For more than a decade, Michael Todd Pegram used several jobs — a counselor at the Kernersville Family YMCA, a volunteer firefighter, a hockey coach and a local DJ — to get access to boys as young as 10 and sexually assault them multiple times in the 1990s and early 2000s, a Forsyth County prosecutor said in court Wednesday morning.

He invited many boys that he met through the YMCA to his home, a violation of the agency’s policy, where he made them lie beside him in bed, watch pornography and perform sexual acts. He told at least one boy that the pornography was about love.

Pegram was formally charged with sexually assaulting eight boys between 1991 and 2001, according to indictments. The boys are now grown, and six of the eight men sat in Courtroom 5A and watched Pegram plead guilty to five counts of first-degree sex offense, one count of attempted first-degree sex offense, one count of statutory sex offense with a child and 21 counts of taking indecent liberties with a child. At the time of his November 2017 arrest in Florida, Pegram was employed at Walt Disney World and was taken into custody in front of one of Walt Disney World’s All-Star resorts.

Judge Stanley Allen of Forsyth Superior Court consolidated many of the charges into two consecutive sentences totaling a minimum of 24 years to a maximum of 30 years and four months in prison. He consolidated another set of charges and sentenced Pegram to three years in prison that Pegram will serve at the same time.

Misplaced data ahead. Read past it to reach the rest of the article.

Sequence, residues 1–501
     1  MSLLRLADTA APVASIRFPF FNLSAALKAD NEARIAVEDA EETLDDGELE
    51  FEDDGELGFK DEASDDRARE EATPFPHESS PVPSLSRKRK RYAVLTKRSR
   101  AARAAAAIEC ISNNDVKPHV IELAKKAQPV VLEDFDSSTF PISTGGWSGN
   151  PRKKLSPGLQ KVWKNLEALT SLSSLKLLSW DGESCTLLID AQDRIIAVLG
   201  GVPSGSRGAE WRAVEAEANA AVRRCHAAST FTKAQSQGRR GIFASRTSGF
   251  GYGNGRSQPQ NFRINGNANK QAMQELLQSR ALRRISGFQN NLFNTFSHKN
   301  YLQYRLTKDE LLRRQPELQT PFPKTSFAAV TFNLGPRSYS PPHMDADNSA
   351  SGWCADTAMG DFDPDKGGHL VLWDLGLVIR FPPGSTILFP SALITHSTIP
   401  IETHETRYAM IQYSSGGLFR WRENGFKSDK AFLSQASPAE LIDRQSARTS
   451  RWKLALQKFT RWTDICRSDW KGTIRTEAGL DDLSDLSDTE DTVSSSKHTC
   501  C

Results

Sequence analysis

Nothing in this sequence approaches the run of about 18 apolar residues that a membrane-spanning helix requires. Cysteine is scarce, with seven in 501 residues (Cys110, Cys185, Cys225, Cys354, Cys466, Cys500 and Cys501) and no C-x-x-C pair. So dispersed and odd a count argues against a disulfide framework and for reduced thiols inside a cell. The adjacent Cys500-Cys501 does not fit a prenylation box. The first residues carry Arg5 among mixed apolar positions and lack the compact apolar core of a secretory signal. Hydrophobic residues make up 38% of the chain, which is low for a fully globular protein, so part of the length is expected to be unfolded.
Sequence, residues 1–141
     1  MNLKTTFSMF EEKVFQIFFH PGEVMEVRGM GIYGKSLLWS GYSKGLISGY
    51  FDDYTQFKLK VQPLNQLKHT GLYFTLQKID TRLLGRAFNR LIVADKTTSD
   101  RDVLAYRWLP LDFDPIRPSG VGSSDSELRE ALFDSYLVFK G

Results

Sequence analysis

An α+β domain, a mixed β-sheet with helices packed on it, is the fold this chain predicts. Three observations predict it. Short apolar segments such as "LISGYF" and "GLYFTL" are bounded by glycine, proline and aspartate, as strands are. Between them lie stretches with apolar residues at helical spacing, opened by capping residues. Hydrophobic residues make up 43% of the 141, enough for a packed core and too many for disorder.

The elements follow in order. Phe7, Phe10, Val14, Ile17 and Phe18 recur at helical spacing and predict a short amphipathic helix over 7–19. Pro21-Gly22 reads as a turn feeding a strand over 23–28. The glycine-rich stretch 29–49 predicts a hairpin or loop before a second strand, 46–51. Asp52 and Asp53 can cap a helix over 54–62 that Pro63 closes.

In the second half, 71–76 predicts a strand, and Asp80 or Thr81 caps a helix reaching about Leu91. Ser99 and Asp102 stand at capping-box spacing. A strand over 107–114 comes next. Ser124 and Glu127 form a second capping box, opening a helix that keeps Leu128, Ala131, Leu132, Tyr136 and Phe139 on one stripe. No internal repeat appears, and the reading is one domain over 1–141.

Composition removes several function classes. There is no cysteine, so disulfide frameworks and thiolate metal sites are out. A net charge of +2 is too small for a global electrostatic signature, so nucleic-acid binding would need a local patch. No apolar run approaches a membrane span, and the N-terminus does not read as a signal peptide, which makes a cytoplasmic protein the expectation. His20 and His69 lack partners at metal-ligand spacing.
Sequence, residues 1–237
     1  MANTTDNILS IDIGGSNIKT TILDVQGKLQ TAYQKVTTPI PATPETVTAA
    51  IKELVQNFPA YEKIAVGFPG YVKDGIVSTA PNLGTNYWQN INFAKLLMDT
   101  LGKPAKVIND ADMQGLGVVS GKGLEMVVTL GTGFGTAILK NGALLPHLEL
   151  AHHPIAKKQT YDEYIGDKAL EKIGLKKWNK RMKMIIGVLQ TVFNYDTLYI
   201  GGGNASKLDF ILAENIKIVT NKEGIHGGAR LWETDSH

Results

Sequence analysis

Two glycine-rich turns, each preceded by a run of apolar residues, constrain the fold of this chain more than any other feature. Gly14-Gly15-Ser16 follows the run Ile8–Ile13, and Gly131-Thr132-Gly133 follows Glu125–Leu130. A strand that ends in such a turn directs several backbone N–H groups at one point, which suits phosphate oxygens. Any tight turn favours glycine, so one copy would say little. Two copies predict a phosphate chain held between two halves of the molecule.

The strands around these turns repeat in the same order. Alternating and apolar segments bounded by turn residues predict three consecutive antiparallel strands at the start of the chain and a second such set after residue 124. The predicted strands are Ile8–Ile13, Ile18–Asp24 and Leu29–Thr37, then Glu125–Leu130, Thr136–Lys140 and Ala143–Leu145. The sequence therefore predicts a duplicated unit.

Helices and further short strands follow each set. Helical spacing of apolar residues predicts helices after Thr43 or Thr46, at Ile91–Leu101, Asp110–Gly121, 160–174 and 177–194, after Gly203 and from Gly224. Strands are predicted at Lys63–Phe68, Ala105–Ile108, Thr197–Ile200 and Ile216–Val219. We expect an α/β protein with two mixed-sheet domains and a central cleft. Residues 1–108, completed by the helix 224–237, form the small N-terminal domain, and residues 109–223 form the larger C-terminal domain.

Many of the men told Allen that they were psychologically damaged from the abuse and that it took years of therapy to come to terms with what Pegram did to them. They kept the abuse to themselves, never telling their parents until recently after a criminal investigation started. One man said that soon after he told his mother about the abuse, she committed suicide.

But he also said he forgave Pegram and after he spoke, he hugged several of the men waiting to speak before taking his seat.

Another man said he hasn’t forgiven Pegram.

“He stole my innocence, he stole my childhood, he stole my virginity without my permission,” he said. “If you’re asking for my opinion, send him to prison for the rest of his life because that’s what he deserves.”

Pegram worked as a counselor and a teen director from March 1988 to March 2002, officials at the YMCA of Northwest North Carolina have previously said. Bruce Boyer, former executive director of the Kernersville YMCA, told Kernersville police detectives that Pegram was fired in 2002 after violating YMCA policy. Without approval, he took a group of boys to an all-male revue at a local hotel, Assistant District Attorney Kia Chavious said after court.

She said based on the investigation, it doesn’t appear that YMCA officials were aware that Pegram was sexually assaulting children or that he had groups of young boys over at his house. Employees told police that YMCA officials had been aware that Pegram had taken young boys on non-YMCA locations, a violation, Chavious said. YMCA employees were not allowed to socialize with children outside of the YMCA. Pegram’s personnel records have been destroyed, per policy, so it is not clear if he was ever reprimanded before he was fired in 2002.

The YMCA of Northwest North Carolina sent out a statement Wednesday afternoon, saying it was “saddened to hear and learn what these victims and their families experienced.”